Citroen had always been a very innovative company. As far back as 1934 their Traction Avant had been the world's first front wheel drive, monocoque car, a standard which is now nearly universal for family cars; but which then was revolutionary; and after World War II the 2CV became one of the bestselling cars ever, coping with just about everything from metalled roads to muddy fields. In the DS they excelled even their own high standards.
This was a car way ahead of it's time. Firstly it's aerodynamic style; it was designed mainly by two collaborators, a designer and sculptor named Flamino Bertoni and Andre Lefebvre, an aeronautical engineer. Together they created a body which many still believe to be the most beautiful ever created.
It featured a new hydraulically operated self-levelling suspension system, which allowed sharp steering while still keeping the car at a constant height on the road despite any load it may be carrying. This made for a very comfortable ride, even over poor road surfaces, which some people compared to floating on a magic carpet.
It was roomy and comfortable, with front wheel drive, and had power operated disc brakes to the front; the first time these had been fitted to a mass production car.
Steering was power assisted, the gearbox was semi automatic.
Thanks partly to the fact that Citroen was owned by tyre manufacturer Michelin, the DS was designed to take full advantage of the latest radial tyres, which gave it better roadholding and a longer tyre life.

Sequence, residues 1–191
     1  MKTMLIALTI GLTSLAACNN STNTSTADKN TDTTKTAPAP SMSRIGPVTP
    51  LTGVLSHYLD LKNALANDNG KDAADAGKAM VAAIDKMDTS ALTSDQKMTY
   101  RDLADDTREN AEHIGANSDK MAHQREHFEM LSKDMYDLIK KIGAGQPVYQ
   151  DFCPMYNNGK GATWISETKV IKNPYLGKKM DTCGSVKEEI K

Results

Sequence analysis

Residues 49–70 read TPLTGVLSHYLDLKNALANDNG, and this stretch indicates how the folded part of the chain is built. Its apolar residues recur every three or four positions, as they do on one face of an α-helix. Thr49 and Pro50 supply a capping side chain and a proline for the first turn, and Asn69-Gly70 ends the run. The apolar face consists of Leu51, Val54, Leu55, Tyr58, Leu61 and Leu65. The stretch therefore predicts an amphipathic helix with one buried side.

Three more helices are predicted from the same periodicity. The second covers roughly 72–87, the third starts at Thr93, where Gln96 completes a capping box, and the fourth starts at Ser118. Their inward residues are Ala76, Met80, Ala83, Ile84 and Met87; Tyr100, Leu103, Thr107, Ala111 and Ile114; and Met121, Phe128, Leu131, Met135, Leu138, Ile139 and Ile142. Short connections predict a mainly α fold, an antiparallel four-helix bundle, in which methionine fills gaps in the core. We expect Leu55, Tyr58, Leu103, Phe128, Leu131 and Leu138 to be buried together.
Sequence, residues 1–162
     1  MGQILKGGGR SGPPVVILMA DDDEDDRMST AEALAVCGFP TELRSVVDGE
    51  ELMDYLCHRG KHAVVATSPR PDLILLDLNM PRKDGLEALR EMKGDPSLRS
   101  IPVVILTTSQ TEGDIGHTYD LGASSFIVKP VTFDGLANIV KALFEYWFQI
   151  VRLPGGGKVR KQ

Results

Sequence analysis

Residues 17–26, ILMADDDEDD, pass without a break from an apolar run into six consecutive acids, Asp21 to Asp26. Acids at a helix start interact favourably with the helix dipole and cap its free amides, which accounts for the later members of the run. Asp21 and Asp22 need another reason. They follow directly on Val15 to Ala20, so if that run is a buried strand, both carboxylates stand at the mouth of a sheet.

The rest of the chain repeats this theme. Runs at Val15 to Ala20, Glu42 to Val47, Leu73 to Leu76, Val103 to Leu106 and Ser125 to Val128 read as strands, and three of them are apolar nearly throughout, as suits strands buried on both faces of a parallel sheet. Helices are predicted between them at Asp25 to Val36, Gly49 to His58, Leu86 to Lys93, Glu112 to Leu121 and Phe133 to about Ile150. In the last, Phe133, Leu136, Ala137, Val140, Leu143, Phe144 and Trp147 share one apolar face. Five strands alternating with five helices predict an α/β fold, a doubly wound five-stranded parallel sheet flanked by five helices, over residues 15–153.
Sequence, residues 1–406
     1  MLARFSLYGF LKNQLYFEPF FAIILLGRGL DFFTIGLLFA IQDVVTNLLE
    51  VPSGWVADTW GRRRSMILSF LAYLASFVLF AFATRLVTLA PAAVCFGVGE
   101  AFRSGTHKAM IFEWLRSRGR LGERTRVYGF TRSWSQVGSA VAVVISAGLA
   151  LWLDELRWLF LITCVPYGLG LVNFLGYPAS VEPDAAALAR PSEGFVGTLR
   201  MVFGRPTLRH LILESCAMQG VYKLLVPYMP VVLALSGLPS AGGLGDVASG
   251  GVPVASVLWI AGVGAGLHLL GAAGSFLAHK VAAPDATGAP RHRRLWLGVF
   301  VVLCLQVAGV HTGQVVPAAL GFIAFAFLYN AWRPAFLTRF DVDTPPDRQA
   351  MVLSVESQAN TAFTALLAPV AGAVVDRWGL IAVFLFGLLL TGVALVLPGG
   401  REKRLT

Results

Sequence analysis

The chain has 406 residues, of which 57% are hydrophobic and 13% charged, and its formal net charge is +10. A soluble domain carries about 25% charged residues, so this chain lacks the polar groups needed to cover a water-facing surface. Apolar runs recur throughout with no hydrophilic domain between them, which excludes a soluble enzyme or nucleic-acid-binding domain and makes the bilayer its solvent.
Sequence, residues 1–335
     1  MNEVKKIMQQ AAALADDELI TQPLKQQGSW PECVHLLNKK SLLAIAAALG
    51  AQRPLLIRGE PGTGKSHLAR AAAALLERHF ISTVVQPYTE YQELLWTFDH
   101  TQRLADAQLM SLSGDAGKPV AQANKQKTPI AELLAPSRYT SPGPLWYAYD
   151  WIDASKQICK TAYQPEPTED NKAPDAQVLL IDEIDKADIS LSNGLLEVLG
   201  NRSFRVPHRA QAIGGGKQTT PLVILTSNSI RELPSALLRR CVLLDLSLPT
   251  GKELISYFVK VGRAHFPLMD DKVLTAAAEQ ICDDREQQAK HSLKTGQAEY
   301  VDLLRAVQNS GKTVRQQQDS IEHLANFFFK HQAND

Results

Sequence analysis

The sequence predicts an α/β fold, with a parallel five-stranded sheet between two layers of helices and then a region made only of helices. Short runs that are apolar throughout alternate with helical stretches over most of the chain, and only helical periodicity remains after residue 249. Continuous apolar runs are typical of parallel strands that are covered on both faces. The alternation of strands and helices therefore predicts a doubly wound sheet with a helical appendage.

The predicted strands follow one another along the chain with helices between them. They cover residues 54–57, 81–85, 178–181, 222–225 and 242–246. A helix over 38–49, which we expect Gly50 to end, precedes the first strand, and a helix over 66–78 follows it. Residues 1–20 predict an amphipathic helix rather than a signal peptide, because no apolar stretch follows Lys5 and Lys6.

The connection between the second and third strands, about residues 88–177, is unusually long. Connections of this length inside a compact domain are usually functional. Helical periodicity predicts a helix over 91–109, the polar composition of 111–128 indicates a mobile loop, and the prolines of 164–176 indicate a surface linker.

When it was first launched at the 1955 Paris motor show it was an instant success, with around 12,000 orders placed the same day!
There had been doubts amongst the design team about the car's appearance; the first prototype was in fact called The Hippopotamus! It was a hippo that was destined to save the life of the President of France however.
General Charles de Gaulle was not a popular man in 1962, after he granted independence to Algeria. A number of attempts were made on his life by paramilitaries who believed that it should have stayed French. His car was ambushed by assassins with automatic weapons; and despite the fact that several of the tyres were blown out the car stayed level thanks to it's automatic suspension and his driver was able to keep it going until he was safely away. Any other car would almost certainly have crashed and history would have been different.
This original Citroen DS stayed in production for a full 20 years, during which time nearly one and a half million of them were sold. This is despite the fact that sales in the United States of America were fairly flat because American buyers expected fully automated gearboxes, whereas the only option in the DS was semiautomated. Well you can't please everyone.